Beyond being thematically inventive, her notion of omnipresence is powerful and political. It quashes the cultural impulse to label incidents of racism as isolated. Bashir artfully disabuses us of our belief in isolation and allows us to experience the multifaceted beauty inherent in our absurd existence. In the title poem, among images of mattress stains and cat puke, she insists, again and again, “What is a thing of beauty if not us?”
Furthermore, Bashir’s structural innovation delights and dazzles. Poems sprawl. Lines read vertically and jut out into diagonals. Often, Bashir transmogrifies language by imbedding mathematical symbols into the line. Meaning becomes duplicated and amplified. She superimposes the world of feeling upon the world of logic and certainty in a way that makes us wonder how we ever considered them in opposition.
Though ambitious and innovative, ambition and invention are not Field Theories’ greatest accomplishments. Most surprising is the way this book will alter the way you feel about the world around you, and, more importantly, your understanding of what it means to be human.
"In her third collection, Bashir (Gospel) displays an intriguingly multivalent approach to the objectivities and subjectivities of black experience reflected in her multimedia collaborations. A series of recurring “coronagraphs” become a tunnel through which the figures of John Henry and his wife Polly Ann speak, forming a sonnet crown that brings new life to an American myth. They are interspersed with four sections structured on the laws of thermodynamics and bearing voices of denizens trapped in a capitalist matrix, “An anthropocene/ of wannabe hepcats” who “pay// defense department rates/ for a sandwich; unremember// memorable jingles.” Bashir’s experimental visual gestures, such as a bullet-hole riddled prose poem on the law of probability, resonate as bluesy meditations on cosmic entropy’s presence in the irreversible occurrences of American lives. While fans of Kevin Young will appreciate the pop of unexpected end rhymes and a present-tense narrative impulse, those of the more associative Ashberian school will enjoy such playful titles as “Universe as an infant: fatter than expected and kind of lumpy,” which features a private visit with Groucho Marx. Whether depicting the faces of marginalized citizens at late-night truck stops or cross-sectioning “bloodstreaks through musculoskeletal structure,” Bashir positions the slings and arrows of black American life as both empirically observable and available for radical, and movingly layered, interpretations. (Mar.)"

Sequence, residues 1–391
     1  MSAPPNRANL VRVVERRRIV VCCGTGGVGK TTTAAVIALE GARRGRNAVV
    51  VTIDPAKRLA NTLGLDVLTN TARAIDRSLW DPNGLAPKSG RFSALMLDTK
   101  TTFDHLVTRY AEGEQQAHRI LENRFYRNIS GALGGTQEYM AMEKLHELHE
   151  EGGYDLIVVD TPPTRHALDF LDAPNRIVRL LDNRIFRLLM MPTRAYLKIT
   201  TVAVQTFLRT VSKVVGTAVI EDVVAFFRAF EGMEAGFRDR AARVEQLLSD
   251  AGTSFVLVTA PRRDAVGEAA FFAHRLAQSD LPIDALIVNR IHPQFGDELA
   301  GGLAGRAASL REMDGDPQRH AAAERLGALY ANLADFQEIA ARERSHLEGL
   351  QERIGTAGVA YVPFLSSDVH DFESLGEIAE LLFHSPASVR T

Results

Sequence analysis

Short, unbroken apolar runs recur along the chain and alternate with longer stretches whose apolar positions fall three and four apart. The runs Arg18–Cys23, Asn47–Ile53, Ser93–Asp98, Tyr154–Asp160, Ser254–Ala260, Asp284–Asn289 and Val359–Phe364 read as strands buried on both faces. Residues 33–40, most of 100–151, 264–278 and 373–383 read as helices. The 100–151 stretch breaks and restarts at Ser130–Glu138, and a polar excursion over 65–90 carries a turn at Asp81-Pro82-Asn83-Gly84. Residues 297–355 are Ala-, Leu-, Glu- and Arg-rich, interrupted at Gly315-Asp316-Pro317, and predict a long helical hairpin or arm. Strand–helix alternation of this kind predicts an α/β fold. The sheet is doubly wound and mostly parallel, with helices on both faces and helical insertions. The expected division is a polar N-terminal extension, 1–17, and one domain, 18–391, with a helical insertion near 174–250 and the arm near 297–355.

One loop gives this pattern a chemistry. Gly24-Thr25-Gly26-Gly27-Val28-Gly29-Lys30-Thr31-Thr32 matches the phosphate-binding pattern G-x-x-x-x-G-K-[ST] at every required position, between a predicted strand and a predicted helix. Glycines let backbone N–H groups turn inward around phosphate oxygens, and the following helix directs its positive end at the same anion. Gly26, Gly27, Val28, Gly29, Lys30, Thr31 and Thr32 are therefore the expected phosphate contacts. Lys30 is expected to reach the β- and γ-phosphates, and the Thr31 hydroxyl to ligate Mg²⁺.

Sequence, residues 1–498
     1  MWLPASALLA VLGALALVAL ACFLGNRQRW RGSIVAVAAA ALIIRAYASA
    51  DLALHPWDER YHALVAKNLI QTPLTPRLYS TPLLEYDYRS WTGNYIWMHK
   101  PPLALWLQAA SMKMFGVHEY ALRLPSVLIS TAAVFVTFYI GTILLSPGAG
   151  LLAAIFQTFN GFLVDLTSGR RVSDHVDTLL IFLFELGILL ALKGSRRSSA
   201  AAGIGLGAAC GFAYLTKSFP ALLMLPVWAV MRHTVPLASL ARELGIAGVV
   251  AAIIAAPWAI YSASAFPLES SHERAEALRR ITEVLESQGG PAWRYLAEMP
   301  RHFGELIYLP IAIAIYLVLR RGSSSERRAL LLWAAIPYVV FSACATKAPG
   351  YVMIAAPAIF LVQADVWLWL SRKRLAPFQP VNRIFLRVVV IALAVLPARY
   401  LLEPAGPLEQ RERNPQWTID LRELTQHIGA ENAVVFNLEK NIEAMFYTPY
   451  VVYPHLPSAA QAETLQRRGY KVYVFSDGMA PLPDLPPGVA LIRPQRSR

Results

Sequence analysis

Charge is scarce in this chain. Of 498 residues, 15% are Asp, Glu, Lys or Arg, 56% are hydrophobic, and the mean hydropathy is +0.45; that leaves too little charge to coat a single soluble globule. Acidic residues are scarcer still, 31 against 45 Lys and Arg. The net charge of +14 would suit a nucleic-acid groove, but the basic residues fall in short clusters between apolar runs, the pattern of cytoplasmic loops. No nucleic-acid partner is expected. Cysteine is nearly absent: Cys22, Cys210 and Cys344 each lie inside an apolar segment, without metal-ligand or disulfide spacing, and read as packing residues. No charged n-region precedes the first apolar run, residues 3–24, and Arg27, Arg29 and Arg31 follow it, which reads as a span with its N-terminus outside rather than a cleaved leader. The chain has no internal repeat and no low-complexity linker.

I'm grateful for the beautiful response to the unofficial" launch of FIELD THEORIES at the Association of Writers & Writing Programs conference in Washington D.C. Both of the panels on which I spoke, "Beyond Spoken Word: Black Women Poets In and Through Performance," and "House of Redbone: 20th Anniversary of Redbone Press" were full of engaged and excited people. Thank you for your attention. Thank you for your presence. Thank you for your performance participation! (Special hat tip to my "cinematographer"!)
Below is a small gallery of images I collected, a few of mine (I was too busy running my mouth likely and didn't take too many) and others folks have sent or posted, including ones in which I probably should have combed my hair post-performance. ;-)
🙌🏾 🙌🏾 🙌🏾
Always happy to pair up with Jen Bervin for ll of the things, the music of her haiku met my mind (interestingly, we both wrote these 30,000 feet in the air) to waki this, which has whispered through my mind ever since, as a command:
"we make the stars ours again
one by one by one by ten"
🙌🏾 🙌🏾 🙌🏾
beach marriage queer grace
cancer free o-surgery
dear life! we praise you
we make the stars ours again
one by one by one by ten
"Renga for Obama" is modeled on a traditional Japanese poetic form. Poets, working in pairs, will compose a tan-renga (short renga) of two stanzas: first, a traditional haiku of three lines of 5-7-5 syllables, followed by a couplet, called a waki, of two lines of seven syllables each (7-7), which is intended as a response to the haiku. A new tan-renga (or pair of stanzas) will be added every day for the first 100 days—or maybe more!—each pair of poets adding to the renga chain. While President Barack Obama occasions our meditation, we hope that the renga will range freely over any number of topics. We only want to emphasize that this poem is intended in a spirit of celebration.
"Renga for Obama" is a collaborative work curated and edited by Major Jackson and published by Harvard Review.